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Silicon Valley Has Abandoned Reality
There's no longer any interest in solving real problems.

March 1, 2024

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As I write this, nVidia is worth $2 trillion and Facebook is gaining about $1 billion in market capitalization per minute. A few minutes ago it was worth $1.275 trillion. Now it is worth $1.282 trillion.

The reason for these extreme valuations, as anyone who has been reading a newspaper over the past year knows, is AI. The term is everywhere. Every executive has to mention AI repeatedly in their earnings calls. Every startup founder is now an AI specialist, having been working on “an AI project” their entire life. Every venture capitalist is super excited to fund the next generation of AI technologies. Every acquisition can be justified by AI. Every major technology company has completely re-oriented its organization chart around new AI priorities. And every hiring or firing can be rationalized by AI: obviously, companies need more AI specialists, and fewer non-AI specialists.

Now that I have written the above paragraph, which took about two minutes, Facebook is worth $2 billion more.

Can we hold on just a minute?

First, the obvious: this is all a massive bubble that will end not just badly, but catastrophically. And it's both Elon Musk's and Sam Altman's fault. Musk's, because he constantly claims that artificial intelligence is the single greatest threat to humanity while working as hard as he can to make that threat a reality, and Altman's for releasing it onto the world far too early for his own personal gain, which, notably, has been substantial. Within the span of a year Altman has gone from mediocre startup CEO who used to run an early-stage investment fund with a bunch of goofy, invasive, sometimes illegal, and conflicted personal side-bets to humanity's technology savior.

Oops, Facebook just added another $1 billion.

Seriously, can we just pause? For a second?

AI has changed nothing. ChatGPT is an impressive chatbot, it's true. It writes well and answers a lot of questions well and it can even write some intermediate-level code. Its failings have been, at this point, well documented: hallucinations, wrong answers, and even disturbing indications of scheming and lying. But am I any more productive in 2024 thanks to AI than I was in 2023? No, I am not. I am less productive, because firstly, I do not use AI for a single task—no business task I need to complete can be accurately completed by an AI algorithm today—secondly, AI is being used to make life worse for everyone, which is actually the single greatest risk it poses in the short term, and thirdly, internet search has declined in quality because of technology executives panicking about AI. This fundamental point, that AI is an entropy accelerator, a chaos agent, and a weapon in the hands of malicious actors (and especially state actors) has completely escaped the notice of Wall Street. The fully-baked-in assumption that the future will depend on millions of nVidia chips grinding away at equations to AI-ify everything is as comically short-sighted and frankly, stupid, as the mathematician Liebniz assuming that he could sit at a table with his fellow mathematicians and pronounce, “Gentlemen, let us calculate,” to solve all of the world's problems in the late 1600s.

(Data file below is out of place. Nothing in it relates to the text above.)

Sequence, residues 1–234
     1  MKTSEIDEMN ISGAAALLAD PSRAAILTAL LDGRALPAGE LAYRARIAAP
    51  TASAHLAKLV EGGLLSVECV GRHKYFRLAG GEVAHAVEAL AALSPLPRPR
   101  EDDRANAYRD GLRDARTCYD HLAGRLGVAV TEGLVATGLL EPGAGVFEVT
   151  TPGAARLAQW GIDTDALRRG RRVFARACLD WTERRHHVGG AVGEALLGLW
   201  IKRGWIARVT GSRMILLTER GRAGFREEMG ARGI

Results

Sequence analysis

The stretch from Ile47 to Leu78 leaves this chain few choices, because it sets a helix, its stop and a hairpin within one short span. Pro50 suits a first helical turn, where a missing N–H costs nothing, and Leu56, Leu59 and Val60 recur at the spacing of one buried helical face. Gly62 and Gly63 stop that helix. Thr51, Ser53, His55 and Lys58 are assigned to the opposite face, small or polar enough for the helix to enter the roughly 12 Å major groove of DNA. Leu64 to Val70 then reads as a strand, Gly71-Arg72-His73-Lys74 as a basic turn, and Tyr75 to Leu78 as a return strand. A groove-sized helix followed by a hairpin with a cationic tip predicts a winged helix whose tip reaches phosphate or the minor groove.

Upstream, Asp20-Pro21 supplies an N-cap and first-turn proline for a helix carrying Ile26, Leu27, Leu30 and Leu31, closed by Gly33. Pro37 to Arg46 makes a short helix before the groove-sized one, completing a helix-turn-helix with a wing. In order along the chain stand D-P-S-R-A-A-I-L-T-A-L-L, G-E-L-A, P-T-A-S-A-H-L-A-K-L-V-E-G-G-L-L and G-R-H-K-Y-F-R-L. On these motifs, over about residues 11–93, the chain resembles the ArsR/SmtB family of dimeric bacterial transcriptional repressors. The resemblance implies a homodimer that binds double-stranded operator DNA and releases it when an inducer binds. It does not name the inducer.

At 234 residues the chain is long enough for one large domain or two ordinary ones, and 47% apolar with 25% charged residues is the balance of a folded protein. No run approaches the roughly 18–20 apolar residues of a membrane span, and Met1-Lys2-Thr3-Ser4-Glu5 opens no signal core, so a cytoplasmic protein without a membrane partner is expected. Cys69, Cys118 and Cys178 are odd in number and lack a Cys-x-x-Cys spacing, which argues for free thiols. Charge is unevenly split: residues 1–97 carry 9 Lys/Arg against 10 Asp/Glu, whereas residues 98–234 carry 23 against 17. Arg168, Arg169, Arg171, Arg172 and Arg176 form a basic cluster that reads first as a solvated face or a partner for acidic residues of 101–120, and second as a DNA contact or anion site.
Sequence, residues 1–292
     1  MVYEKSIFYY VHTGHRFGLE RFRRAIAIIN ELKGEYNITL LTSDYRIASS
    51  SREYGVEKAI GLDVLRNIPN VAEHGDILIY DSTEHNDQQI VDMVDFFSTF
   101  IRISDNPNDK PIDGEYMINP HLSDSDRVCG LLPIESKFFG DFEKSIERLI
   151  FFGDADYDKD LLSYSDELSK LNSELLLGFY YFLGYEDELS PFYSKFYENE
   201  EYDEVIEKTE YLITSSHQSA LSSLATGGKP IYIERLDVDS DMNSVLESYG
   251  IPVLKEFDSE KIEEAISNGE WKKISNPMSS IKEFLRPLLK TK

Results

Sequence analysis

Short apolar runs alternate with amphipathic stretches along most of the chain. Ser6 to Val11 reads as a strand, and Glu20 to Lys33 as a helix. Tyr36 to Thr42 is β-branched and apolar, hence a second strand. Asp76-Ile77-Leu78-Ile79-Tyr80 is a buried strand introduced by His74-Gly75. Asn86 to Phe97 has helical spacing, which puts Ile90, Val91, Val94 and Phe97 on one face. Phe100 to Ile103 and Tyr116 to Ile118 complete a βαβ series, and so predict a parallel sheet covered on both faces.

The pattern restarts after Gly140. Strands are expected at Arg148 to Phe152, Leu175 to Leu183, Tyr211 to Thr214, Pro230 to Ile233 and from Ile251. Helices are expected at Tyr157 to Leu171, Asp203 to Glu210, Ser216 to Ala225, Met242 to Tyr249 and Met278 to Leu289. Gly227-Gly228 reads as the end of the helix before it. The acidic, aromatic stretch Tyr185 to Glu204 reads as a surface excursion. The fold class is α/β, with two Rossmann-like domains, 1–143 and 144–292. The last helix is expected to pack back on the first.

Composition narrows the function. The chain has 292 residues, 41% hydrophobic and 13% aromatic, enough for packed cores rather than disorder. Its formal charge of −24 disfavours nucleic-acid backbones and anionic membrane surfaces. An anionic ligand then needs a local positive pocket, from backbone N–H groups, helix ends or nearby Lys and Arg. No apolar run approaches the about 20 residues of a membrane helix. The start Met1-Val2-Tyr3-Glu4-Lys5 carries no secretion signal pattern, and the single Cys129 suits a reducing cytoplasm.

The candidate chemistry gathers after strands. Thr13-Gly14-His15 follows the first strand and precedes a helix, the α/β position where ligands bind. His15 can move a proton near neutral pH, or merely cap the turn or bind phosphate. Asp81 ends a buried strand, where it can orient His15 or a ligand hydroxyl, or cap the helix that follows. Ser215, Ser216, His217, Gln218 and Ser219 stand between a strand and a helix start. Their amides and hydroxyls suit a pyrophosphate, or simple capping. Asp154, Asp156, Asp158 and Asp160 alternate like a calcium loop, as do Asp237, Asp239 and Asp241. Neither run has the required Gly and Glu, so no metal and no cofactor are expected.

It is true that AI algorithms can generate incredible art and even photo-realistic videos, tasks that it will only get better at. But I do not make a living by generating art or photo-realistic videos depicting fantasy worlds, nor do I have any desire to. I write software that solves problems in the real world. In its current form, at this stage of development, AI is surprisingly inept at what I would like it to do. I can say this because I've tried using large language models in conjunction with practical code, and, in essence, it doesn't work.

But no one cares. Silicon Valley has abandoned the notion that companies should exist to solve problems individuals cannot solve on their own. The goal is simply money at any cost. Fake accounts (that destroy democracy), fake sales (that destroy price discovery), fake business models (that destroy the rule of law and housing stability), fake money itself (that destroys the environment and accelerates global warming)—these are what Silicon Valley calls "innovation" now. And in a valley where Greater Fool Theory is the predominant way that people make lots of money, the stampedes of fools chasing the reverberations of hype are getting so volatile and loud that they risk destabilizing the Earth itself.

The AI market bubble will end, because it is based on a false premise. The internet really did connect everyone. AI does not really work, nor do I think it will for another ten years at least, when it's possible—or even likely—that some key non-deterministic business tasks will be fully automated. But the collective delusion doesn't have to end soon, and before it does, we are facing some terrifying risks. AI won't make the world a better place, except for a few people like Vladimir Putin, Xi Jinping, Kim Jong Un, and various Ayatollahs, who seek to destroy order. Right now, that is AI's true strength. Silicon Valley and Wall Street would do well to take note, before they and their AI fantasies destroy us all.

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